Dawn Primarolo's announcement yesterday that she will stand down as Labour MP for Bristol South in 2015 brings to mind a true tale of how trivia can spread its contagion through media outlets.
Years ago, the political editor of the Western Daily Press was tasked with writing a political diary and, suffering from a shortage of material, he chucked in a couple of sentences based on an idle conversation that had taken place among male colleagues around a dinner table, during which they had agreed that Dawn, pictured, was the sexiest MP in the Commons. The same correspondent – who now, by the way, works on a very serious upmarket publication – was somewhat shocked when his news desk rang him to say that it was far too good a story for a diary, and ordered him to write 600 words to lead a news page on "Britain's sexiest MP". This was terrible news for the political editor of the rival Bristol Evening Post – who, by the way, is now a very eminent political journalist – who was resoundingly ticked off by his news desk for missing a major local story, and ordered to contact Dawn Primarolo to see how she felt about this dubious compliment.
He rang her at home at 7.30am. "Yes," she said wearily, "I've already had BBC Radio Bristol on."
Abbott breaks Twitter silence
Some MPs write their own tweets; others would like you to think that they do, when actually their staff do it for them. Diane Abbott, MP for Hackney North, was busted yesterday as being the latter category.
At 11.01 – ie half way through the two minutes' silence – a tweet appeared on the HackneyAbbott feed drawing attention to an opinion poll that was good for Labour. It quickly disappeared, to be replaced with a message that said: "Apologies. Over-enthusiastic staffer tweeted during two minute silence. I was actually in Hackney observing it." Wonder if Ms Abbott wrote that one herself.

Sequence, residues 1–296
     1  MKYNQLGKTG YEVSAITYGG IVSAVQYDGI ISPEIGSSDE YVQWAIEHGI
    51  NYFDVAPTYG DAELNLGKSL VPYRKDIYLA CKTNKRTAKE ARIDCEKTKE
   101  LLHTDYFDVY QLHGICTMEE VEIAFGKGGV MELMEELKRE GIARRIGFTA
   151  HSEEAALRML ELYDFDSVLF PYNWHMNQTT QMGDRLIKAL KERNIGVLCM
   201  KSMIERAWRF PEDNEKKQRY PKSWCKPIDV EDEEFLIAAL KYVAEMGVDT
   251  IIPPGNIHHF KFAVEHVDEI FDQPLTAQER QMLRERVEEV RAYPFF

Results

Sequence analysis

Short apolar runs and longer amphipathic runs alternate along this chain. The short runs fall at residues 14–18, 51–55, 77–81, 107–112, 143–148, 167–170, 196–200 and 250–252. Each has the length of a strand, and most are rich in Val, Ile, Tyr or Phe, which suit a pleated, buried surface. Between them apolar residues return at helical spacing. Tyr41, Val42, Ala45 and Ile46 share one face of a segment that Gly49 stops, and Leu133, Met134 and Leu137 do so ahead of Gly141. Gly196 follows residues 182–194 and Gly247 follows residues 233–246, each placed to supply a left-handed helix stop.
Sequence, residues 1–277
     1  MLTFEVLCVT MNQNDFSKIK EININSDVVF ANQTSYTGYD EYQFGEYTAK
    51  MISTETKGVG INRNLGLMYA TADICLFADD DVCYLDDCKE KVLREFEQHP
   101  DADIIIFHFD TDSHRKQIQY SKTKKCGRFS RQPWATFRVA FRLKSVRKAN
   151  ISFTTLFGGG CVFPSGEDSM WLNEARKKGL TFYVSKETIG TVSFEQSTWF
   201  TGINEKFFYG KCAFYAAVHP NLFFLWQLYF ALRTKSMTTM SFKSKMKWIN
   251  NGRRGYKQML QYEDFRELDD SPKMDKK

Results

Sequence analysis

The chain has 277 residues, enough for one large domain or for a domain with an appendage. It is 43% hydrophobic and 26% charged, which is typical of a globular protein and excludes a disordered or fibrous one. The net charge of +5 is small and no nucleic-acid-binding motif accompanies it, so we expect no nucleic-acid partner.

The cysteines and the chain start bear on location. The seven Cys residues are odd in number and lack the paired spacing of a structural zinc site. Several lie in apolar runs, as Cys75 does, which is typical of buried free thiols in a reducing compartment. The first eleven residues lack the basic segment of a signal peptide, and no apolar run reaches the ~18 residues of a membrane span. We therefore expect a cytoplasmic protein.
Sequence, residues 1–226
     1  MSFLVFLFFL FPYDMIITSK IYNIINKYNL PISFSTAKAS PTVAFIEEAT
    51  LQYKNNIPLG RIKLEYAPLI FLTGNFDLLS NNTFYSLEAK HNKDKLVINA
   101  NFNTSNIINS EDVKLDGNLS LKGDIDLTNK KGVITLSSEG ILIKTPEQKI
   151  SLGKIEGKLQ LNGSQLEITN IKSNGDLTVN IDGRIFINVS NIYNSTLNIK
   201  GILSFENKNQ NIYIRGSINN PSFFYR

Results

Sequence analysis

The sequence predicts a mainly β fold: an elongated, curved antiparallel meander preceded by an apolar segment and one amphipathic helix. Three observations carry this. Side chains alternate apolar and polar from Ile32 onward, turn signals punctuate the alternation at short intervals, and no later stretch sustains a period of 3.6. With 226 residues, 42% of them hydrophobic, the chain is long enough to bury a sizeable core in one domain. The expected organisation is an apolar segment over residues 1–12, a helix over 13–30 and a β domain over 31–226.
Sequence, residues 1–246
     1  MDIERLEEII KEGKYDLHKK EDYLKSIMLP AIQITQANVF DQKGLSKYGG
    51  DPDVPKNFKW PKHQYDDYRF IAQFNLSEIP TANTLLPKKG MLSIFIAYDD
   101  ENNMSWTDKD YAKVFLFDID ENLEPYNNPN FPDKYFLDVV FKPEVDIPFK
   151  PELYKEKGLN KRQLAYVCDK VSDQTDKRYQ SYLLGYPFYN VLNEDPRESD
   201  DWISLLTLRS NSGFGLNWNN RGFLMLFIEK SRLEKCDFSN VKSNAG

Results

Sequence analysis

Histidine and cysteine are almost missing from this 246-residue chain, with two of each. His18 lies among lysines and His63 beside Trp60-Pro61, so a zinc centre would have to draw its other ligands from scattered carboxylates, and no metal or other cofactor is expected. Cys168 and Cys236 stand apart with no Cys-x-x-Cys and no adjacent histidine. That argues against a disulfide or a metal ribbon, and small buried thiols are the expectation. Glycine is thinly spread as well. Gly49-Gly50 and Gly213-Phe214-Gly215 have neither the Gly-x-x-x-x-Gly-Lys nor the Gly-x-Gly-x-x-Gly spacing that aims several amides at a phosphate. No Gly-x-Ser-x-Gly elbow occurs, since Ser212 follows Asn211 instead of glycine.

Irony lost on one old Etonian
Paul Weller was very young when he wrote the hit "The Eton Rifles", provoked by the sight of Eton boys jeering at right-to-work marchers – though not as young as David Cameron or Boris Johnson, who were pupils at that illustrious school at the time. In middle age, the old mod teeters on the verge of being an establishment figure, what with David Cameron claiming three years ago that "The Eton Rifles" was his favourite track of all time, and other Weller songs being put to commercial use. "I've got less of a problem with an advert using it than I have a politician," he tells ShortList magazine. "When Tony Blair ran for office in 1997, they wanted to use 'The Changingman' for their campaign – but I wouldn't let them. So there are certain things I wouldn't do." Asked what he thought of Cameron complimenting "The Eton Rifles", Weller added: "I don't know how they could have misread the words so much. It's pretty simple. They're just stupid, I think."
Acrostic too clever for its own good
Stephen Pollard, the editor of The Jewish Chronicle, caused a stir on BBC's Question Time with his stout defence of Rupert Murdoch, whom he has described in the past as "one of the few genuinely great men of our time".
"I don't write for The Times," he told the studio audience in passing, though he did not say why not. He was hired as a Times columnist 10 years ago, but was fired before he had contributed so much as a word when his new employers learnt that, on his final day in his old job at the Daily Express, recently acquired by Richard Desmond, he had written a leader in which the first letter of each paragraph spelt out the message: "Fuck you Desmond".Reuse content